By JOHN BIERS and BEN LEFEBVRE
Chevron CEO John Watson said Thursday the US oil
company replaced pipes in at least one other US refinery based
on a check of facilities following the August fire
at its refinery in Richmond, Calif.
The fire at the 245,000-bpd refinery sent thousands of local
residents to area hospitals with minor injuries and has
resulted in threats of class action lawsuits against the San
Ramon, Calif., company.
Investigations of the accident have so far focused on corroded
pipes found in the crude-distillation unit, where the fire
started, that hadn't been flagged as dangerous in an earlier
"We changed out pipe in some other locations," Mr. Watson
told reporters following a speech at the Council on Foreign
Relations. Mr. Watson said the 260,000-bpd El Segundo refinery, also in California, was
one site where the company changed pipes.
Chevron spokesman Russ Yarrow said the company replaced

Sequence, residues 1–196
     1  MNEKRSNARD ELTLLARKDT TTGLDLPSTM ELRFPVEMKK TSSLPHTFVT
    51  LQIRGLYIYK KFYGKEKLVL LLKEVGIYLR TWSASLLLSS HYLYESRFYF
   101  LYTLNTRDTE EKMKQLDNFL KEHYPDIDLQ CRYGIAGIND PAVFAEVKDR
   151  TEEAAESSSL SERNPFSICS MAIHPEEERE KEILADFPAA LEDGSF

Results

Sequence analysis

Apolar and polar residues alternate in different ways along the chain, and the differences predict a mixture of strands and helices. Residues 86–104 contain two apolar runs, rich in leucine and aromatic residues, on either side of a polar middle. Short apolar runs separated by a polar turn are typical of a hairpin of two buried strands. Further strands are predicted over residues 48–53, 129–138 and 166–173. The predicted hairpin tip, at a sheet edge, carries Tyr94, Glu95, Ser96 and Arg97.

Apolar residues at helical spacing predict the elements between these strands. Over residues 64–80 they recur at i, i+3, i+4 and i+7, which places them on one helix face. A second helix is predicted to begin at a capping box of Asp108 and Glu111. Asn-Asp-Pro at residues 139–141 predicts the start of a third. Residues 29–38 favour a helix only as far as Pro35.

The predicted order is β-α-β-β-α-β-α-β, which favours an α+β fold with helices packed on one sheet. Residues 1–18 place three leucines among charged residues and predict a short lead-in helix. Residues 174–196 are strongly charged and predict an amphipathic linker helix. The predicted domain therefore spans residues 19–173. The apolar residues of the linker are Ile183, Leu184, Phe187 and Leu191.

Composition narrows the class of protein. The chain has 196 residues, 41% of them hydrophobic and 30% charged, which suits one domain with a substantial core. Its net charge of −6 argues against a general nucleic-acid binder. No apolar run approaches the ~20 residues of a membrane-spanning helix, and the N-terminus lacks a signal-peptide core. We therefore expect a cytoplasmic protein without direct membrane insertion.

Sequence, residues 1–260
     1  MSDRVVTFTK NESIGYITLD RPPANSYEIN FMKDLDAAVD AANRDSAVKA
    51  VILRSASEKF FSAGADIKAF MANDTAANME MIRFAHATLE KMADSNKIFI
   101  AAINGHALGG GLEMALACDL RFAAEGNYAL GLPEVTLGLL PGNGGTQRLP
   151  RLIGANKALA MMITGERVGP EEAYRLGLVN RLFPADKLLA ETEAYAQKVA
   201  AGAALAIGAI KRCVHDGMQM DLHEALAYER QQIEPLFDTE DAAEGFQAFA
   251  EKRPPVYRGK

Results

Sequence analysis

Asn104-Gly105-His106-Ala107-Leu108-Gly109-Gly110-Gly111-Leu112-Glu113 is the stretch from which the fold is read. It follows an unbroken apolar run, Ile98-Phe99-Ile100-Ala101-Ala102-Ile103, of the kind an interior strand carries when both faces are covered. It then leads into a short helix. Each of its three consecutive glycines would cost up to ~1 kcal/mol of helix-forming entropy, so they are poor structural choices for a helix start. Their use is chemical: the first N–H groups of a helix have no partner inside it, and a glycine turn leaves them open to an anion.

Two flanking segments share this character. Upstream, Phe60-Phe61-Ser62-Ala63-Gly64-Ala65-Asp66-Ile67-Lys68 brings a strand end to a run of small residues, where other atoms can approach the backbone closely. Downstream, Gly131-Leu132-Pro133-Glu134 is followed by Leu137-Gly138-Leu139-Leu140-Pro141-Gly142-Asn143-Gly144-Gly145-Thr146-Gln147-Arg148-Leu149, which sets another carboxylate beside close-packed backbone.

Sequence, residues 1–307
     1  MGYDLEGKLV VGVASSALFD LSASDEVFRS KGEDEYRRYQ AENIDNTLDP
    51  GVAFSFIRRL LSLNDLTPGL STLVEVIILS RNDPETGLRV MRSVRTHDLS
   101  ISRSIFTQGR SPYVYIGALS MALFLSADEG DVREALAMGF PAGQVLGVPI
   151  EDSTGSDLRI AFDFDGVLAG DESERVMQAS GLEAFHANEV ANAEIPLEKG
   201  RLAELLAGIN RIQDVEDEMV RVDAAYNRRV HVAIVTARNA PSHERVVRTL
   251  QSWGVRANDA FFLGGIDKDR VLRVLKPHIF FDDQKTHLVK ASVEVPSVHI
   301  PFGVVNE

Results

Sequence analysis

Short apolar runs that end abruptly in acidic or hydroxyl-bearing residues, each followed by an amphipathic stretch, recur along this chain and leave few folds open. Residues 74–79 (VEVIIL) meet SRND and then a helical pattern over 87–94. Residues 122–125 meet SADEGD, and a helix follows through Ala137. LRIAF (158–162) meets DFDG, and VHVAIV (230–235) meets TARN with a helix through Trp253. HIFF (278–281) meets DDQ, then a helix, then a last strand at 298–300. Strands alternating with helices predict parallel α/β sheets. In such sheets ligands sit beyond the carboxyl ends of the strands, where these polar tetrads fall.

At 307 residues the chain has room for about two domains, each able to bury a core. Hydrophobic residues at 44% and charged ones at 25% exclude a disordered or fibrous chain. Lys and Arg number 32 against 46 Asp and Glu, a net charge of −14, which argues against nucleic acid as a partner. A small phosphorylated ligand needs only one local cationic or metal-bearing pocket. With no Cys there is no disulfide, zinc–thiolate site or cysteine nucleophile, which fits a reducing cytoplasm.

steel in the Richmond refinery in the part of the crude
unit that was damaged in the fire. One of the problems with the
steel in the unit was that its silicon content was too low and
the company hadn't done adequate maintenance on the pipes, which were
made of carbon steel.
Chevron's decision to replace the Richmond piping with nine
chrome, another type of metal, has also caused controversy. The
US Chemical Safety Board, an independent federal agency charged
with investigating industrial accidents, asked Chevron to use
another material because the agency deems other metals more
suitable for the refining environment.
The Richmond City Council passed a resolution on Nov. 20
asking Chevron to delay repairs to the Richmond refinery until
the investigation into its cause is complete. The council cited
misgivings about the technology used in making the
Mr. Yarrow said the 230,000-bpd Richmond refinery is currently running at
reduced capacity, but he declined to say by how much. The plant
is on track to resume normal operations in the first quarter of
next year, he said.
Dow Jones Newswires